Senators Ask Airlines to Refund Trips to Americans to ‘Pay for Food, Housing’
With the economy re-opening and the pace of vaccinations accelerating, wanderlust is back again. While millions of American airline customers have been issued vouchers for their canceled trips, dates for these are about to expire. Now, two senators are asking the airlines to either waive the expirations or refund customers in cash, as many Americans are facing a new pandemic-related financial reality.
“Although many air travelers have had to cancel flights due to no fault of their own, many airlines have denied them the cash refunds they deserve, and are instead issuing temporary flight credits that are now beginning to expire despite the ongoing health emergency. Accordingly, we write to urge your airline to make all flight credits — including those already issued and those that have expired during the pandemic — valid indefinitely by default,” Sens. Edward Markey and Richard Blumenthal wrote to the CEOs of several airlines.
The senators argue in the letter that the airline should offer a cash refund for all tickets on flights canceled during the coronavirus pandemic, whether canceled by the airline or traveler, as Americans “need cash in their pockets to pay for food, housing, and prescriptions during this emergency,” according to the letter.
CNN reported that passengers have filed more than 107,000 official complaints since March 2020, and 95,000 of those — 89% — are about refunds, Department of Transportation data shows.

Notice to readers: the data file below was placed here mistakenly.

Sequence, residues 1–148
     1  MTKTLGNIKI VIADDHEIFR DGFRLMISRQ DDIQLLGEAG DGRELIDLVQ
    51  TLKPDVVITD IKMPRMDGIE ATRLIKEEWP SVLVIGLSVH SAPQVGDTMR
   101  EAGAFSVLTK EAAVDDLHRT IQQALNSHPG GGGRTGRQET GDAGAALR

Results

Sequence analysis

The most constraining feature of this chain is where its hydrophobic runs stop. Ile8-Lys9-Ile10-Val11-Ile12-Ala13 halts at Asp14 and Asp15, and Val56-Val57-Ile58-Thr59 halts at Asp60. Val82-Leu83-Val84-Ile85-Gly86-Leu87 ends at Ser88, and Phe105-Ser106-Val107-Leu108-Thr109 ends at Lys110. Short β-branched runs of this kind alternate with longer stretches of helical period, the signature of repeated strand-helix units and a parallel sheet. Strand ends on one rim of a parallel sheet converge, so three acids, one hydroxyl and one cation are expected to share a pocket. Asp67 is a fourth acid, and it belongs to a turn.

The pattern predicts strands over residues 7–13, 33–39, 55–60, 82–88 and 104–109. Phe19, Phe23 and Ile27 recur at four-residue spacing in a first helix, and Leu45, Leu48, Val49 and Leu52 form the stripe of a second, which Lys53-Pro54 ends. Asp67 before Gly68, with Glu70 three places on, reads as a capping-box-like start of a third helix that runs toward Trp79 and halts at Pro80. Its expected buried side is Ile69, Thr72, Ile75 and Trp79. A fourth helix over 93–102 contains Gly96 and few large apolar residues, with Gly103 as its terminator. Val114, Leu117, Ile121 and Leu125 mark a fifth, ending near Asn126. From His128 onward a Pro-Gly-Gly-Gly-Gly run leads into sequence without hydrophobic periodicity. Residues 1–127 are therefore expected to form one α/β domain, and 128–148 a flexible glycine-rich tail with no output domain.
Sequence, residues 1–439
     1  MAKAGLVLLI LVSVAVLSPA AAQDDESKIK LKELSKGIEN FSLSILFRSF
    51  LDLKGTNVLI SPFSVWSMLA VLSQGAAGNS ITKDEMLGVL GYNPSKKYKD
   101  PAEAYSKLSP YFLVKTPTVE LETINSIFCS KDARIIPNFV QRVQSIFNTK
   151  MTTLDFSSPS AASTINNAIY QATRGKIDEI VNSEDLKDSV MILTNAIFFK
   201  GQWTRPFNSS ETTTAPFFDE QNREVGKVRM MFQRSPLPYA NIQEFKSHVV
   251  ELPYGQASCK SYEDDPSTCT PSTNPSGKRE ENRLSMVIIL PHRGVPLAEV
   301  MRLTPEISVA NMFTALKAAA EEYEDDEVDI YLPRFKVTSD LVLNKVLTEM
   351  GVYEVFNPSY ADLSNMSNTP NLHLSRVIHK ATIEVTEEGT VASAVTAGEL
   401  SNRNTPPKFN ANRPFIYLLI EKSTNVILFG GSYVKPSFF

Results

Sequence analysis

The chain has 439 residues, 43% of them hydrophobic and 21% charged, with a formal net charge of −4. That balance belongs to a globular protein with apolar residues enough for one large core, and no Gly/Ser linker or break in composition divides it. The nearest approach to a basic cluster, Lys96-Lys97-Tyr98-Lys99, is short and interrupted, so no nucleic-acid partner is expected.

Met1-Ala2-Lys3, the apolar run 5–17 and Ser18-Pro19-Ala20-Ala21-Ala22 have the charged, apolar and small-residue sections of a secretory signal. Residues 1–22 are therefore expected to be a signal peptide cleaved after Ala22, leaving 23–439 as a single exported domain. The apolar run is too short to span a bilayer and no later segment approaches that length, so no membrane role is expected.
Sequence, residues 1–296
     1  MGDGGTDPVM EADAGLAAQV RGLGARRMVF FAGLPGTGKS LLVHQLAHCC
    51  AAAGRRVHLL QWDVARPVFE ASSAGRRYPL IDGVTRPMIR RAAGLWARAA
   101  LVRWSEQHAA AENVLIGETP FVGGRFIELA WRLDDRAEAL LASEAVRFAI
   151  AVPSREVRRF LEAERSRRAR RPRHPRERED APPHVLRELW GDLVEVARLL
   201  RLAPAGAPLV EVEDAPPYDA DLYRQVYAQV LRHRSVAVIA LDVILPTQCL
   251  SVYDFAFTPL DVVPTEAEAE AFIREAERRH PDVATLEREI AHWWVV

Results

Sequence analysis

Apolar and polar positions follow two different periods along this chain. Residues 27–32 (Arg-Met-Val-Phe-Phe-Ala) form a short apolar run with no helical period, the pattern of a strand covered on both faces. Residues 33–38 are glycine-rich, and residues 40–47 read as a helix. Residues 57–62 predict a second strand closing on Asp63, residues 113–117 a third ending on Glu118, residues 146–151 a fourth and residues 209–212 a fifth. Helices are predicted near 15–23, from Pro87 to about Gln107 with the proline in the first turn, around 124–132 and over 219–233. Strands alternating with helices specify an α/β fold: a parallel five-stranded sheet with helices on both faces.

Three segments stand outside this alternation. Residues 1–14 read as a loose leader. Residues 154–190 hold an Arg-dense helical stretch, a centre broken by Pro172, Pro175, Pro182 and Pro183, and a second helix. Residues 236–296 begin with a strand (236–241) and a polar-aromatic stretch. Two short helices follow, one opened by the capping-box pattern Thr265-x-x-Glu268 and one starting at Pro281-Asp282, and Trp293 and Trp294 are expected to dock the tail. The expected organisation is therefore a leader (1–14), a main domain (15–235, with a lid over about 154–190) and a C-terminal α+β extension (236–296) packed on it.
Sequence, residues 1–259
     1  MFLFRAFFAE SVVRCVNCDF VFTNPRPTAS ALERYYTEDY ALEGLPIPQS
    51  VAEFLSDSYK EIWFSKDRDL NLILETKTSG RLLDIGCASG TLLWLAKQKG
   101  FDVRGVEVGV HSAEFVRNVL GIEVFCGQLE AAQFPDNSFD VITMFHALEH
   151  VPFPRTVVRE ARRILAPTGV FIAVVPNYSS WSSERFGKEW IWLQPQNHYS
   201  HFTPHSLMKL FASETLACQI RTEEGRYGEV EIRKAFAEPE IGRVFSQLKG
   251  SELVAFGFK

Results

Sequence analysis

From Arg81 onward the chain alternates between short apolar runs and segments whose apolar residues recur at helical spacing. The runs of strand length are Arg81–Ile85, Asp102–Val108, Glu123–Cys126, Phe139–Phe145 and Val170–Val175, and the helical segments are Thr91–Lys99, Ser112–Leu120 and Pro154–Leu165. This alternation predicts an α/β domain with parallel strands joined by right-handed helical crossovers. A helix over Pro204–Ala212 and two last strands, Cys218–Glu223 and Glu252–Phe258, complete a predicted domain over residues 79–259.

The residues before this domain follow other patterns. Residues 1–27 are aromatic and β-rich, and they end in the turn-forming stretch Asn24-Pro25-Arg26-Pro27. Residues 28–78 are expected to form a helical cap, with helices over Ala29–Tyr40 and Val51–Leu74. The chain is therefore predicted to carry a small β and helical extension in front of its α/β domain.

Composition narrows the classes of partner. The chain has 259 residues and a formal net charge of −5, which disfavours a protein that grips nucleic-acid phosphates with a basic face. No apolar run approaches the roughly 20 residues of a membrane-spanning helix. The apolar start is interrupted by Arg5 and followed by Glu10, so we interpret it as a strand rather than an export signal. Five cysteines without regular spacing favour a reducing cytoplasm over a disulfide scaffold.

The airline industry sits on more than $10 billion in unused travel credits, according to the senators’ letter. While many Americans feel antsy after more than a year cooped up, there are numerous reasons why some might want to delay their travel. Reasons include the fact that some might not feel safe traveling yet. Indeed, the Centers for Disease Control and Prevention recommends not to travel until fully vaccinated.
In addition, while the economy is re-opening, recent economic data suggests that many Americans are still struggling. Last week’s disappointing jobs report, which shows only 266,000 jobs added in April, fell short of the 1 million economists had expected.
Finally, the senators say that because current policies governing flight credit expiration are complex and can differ considerably from company to company, it creates significant confusion for consumers.
“Because travelers are struggling to navigate these differing policies, they are now at risk of losing the billions of dollars they were effectively forced to loan to the airline industry interest-free,” they say in the letter.
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